During a joint news conference at the White House, Obama praised Calderon for his "extraordinary courage" in fighting the violent drug cartels that have been responsible for deaths on both sides of the border. Obama pledged to speed up U.S. aid to train and equip Mexican forces to help in their efforts.
"Mexico has a full partner with the United States," Obama said. "Our people have a right to be safe in their communities."
Calderon's visit comes three weeks after U.S. Immigration and Customs Enforcement agent Jaime Zapata was shot to death in northern Mexico with a gun smuggled in from the U.S. The incident raised questions in the U.S. about Mexico's ability to control violence and has Obama administration officials considering arming U.S. agents working across the border to ensure their safety.
Calderon offered his condolences to Zapata's family, and said he would work to bring his killers to justice.
"His death must urge us to work together to ensure a prosperous and peaceful future for our region," Calderon said.
An Obama administration official had said in advance of the news conference that the two leaders agreed to a phased-in plan that would authorize both Mexican and U.S. long-haul carriers to engage in cross-border operations provided the Mexican trucks meet U.S. safety standards. Both countries were given this authority under the 1994 North American Free Trade Agreement, but the U.S. has refused to allow Mexican trucks access amid concerns over its ability to meet America's stringent safety and environmental standards.
Mexico has placed higher tariffs on dozens of U.S. products in response to the unresolved dispute. The official said Mexico will agree to lift those tariffs in phases, with all tariffs lifted once the first Mexican carrier receives authorization to travel on U.S. roads.
Negotiating teams are still working out final details of the plan, and are expected to send an agreement to Congress this spring, said the official, who spoke on the condition of anonymity in order to discuss the plan ahead of Obama's public statement.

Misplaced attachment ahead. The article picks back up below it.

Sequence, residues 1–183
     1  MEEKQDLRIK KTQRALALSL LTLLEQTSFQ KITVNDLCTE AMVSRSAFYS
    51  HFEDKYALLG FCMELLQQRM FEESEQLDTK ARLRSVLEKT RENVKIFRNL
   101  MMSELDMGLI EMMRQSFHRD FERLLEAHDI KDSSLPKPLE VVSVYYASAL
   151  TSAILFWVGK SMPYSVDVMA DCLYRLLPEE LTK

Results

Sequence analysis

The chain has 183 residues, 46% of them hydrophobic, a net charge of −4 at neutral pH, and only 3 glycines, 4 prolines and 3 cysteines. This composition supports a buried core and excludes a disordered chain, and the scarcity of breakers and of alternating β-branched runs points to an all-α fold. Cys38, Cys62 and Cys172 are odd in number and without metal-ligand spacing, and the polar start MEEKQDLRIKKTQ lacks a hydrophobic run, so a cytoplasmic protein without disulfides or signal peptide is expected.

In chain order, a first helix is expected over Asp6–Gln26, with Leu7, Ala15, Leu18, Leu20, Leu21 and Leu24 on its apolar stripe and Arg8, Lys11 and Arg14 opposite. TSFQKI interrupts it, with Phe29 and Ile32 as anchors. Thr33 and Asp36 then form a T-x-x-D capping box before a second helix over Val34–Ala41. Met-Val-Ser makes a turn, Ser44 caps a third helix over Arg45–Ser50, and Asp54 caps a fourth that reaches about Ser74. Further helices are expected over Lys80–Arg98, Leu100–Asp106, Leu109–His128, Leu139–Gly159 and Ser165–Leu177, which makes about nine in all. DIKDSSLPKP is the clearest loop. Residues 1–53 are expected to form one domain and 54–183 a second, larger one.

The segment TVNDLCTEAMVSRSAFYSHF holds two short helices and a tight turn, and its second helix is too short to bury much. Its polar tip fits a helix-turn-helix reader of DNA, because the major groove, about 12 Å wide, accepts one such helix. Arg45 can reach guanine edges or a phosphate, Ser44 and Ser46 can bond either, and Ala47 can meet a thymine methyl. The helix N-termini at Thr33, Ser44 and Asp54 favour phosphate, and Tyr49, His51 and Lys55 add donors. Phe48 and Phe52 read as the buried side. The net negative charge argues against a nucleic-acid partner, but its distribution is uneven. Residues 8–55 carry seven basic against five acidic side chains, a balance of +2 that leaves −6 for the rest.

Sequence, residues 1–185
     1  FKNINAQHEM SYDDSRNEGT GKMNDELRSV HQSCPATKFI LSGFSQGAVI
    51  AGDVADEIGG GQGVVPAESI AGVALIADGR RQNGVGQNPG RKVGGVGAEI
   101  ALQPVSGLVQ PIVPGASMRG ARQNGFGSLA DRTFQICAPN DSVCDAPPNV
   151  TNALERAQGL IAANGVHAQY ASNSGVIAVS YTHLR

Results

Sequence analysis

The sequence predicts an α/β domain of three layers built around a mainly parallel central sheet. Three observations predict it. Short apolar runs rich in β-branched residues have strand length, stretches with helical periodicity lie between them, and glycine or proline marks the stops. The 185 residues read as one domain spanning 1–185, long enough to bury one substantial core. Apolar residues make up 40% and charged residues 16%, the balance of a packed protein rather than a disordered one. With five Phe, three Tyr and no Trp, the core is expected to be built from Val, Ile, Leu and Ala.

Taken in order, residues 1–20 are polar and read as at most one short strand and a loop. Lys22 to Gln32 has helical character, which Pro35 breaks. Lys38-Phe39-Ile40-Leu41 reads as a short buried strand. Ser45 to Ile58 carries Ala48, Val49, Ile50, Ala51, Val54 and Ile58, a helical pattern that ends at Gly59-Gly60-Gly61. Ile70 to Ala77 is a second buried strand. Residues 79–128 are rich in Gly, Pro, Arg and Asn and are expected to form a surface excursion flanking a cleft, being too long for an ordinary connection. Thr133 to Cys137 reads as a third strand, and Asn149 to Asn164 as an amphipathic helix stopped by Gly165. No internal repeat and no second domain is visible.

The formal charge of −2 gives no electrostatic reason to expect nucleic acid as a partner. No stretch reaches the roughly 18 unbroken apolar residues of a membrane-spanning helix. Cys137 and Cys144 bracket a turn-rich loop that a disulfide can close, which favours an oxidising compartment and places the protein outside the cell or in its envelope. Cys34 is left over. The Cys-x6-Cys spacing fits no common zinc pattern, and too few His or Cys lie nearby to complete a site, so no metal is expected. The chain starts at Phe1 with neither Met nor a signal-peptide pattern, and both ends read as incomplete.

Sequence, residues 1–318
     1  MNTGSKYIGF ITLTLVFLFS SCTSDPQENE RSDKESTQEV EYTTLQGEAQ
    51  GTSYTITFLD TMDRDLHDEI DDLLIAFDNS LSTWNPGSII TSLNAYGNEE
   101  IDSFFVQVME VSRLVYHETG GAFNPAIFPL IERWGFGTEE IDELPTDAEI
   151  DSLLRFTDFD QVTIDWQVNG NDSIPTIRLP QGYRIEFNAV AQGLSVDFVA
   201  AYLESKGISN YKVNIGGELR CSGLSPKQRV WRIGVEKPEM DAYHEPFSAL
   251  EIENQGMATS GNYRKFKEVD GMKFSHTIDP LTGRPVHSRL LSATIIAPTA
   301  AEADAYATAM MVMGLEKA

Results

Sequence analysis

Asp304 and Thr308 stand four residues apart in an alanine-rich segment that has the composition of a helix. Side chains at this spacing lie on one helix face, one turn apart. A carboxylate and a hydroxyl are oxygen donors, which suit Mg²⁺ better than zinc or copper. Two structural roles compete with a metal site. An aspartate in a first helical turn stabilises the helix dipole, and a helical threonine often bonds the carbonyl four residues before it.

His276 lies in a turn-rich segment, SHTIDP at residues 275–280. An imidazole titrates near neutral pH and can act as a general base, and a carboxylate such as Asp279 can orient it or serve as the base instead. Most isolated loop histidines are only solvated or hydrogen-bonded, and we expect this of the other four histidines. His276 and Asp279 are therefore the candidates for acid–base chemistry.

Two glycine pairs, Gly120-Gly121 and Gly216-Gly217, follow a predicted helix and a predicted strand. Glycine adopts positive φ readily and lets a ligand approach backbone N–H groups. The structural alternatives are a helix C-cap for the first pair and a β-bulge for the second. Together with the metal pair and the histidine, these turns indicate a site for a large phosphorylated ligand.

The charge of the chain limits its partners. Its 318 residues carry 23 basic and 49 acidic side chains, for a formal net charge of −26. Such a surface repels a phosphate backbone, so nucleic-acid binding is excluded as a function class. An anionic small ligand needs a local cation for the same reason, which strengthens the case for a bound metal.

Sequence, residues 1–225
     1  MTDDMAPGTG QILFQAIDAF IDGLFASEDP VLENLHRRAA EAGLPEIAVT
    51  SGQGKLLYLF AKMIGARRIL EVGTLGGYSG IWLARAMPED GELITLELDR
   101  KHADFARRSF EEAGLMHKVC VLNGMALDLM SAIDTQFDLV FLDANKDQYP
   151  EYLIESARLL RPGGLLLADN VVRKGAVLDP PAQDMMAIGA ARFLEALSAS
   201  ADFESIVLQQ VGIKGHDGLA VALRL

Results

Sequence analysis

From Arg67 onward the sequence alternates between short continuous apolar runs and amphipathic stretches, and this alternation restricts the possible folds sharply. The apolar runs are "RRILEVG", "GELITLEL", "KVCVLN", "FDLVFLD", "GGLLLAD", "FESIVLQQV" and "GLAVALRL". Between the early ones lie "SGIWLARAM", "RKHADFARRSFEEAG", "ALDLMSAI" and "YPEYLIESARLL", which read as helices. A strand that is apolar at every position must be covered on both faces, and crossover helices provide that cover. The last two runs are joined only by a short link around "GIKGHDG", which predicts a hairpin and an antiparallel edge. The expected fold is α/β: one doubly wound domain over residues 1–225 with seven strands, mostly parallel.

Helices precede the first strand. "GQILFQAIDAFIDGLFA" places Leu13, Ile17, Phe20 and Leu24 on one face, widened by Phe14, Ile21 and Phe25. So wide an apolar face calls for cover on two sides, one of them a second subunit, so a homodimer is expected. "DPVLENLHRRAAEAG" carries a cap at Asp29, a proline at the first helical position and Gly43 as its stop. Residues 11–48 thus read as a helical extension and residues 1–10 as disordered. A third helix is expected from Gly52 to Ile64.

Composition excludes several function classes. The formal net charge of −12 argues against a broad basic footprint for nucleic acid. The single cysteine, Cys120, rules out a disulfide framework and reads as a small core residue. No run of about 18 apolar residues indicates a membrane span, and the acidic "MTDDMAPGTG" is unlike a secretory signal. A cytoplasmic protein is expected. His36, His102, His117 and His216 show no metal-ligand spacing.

Obama and Calderon discussed a wide range of issues, including the shooting of the U.S. agent, before speaking to reporters.
Lamenting the incident, U.S. Attorney General Eric Holder earlier this week told a congressional panel: "We have to make sure that those kinds of incidents are not repeated and to the extent that that involves the potential arming of them, that's something I think we have to consider." Administration officials said the White House has been working closely with Calderon's government on how to protect U.S. personnel working in Mexico, but they wouldn't say whether Obama would press the Mexican leader to allow U.S. agents to be armed.
U.S. and Mexican officials have emphasized that Calderon's visit was planned before Zapata's killing.
The contentious debate over immigration dominated Calderon's visit to the White House in May, shortly after Arizona passed a law that makes it a state crime to be in the U.S. illegally and requires police to question people about their immigration status if there's reason to suspect they're illegal. Mexico's government strongly opposes the law, and the Mexican Senate this week urged Calderon to again vehemently make their opposition known to Obama.
Obama also opposes the Arizona law; the White House said that comprehensive immigration reform remains high on Obama's agenda and that the president would update Calderon on the state of the immigration debate in the U.S.
Obama and Calderon were also expected to discuss U.S. aid to help support Mexico in the drug war. A senior administration official said the U.S. plans to speed up implementation of the $1.4 billion Merida Initiative, with $900 million to be doled out by the end of the year. The official spoke on the condition of anonymity in order to preview the announcement.
The announcement comes as the State Department issued a report praising Mexico's government for increased drug seizures and better efforts to combat narcotics trafficking and money laundering. But it said Mexican production of marijuana, heroin and methamphetamines was rapidly rising, and that cartels were becoming even more dangerous through use of sniper rifles, grenades and increasingly military tactics.
Associated Press writers Bradley Klapper in Washington and Mark Stevenson in Mexico City contributed to this report.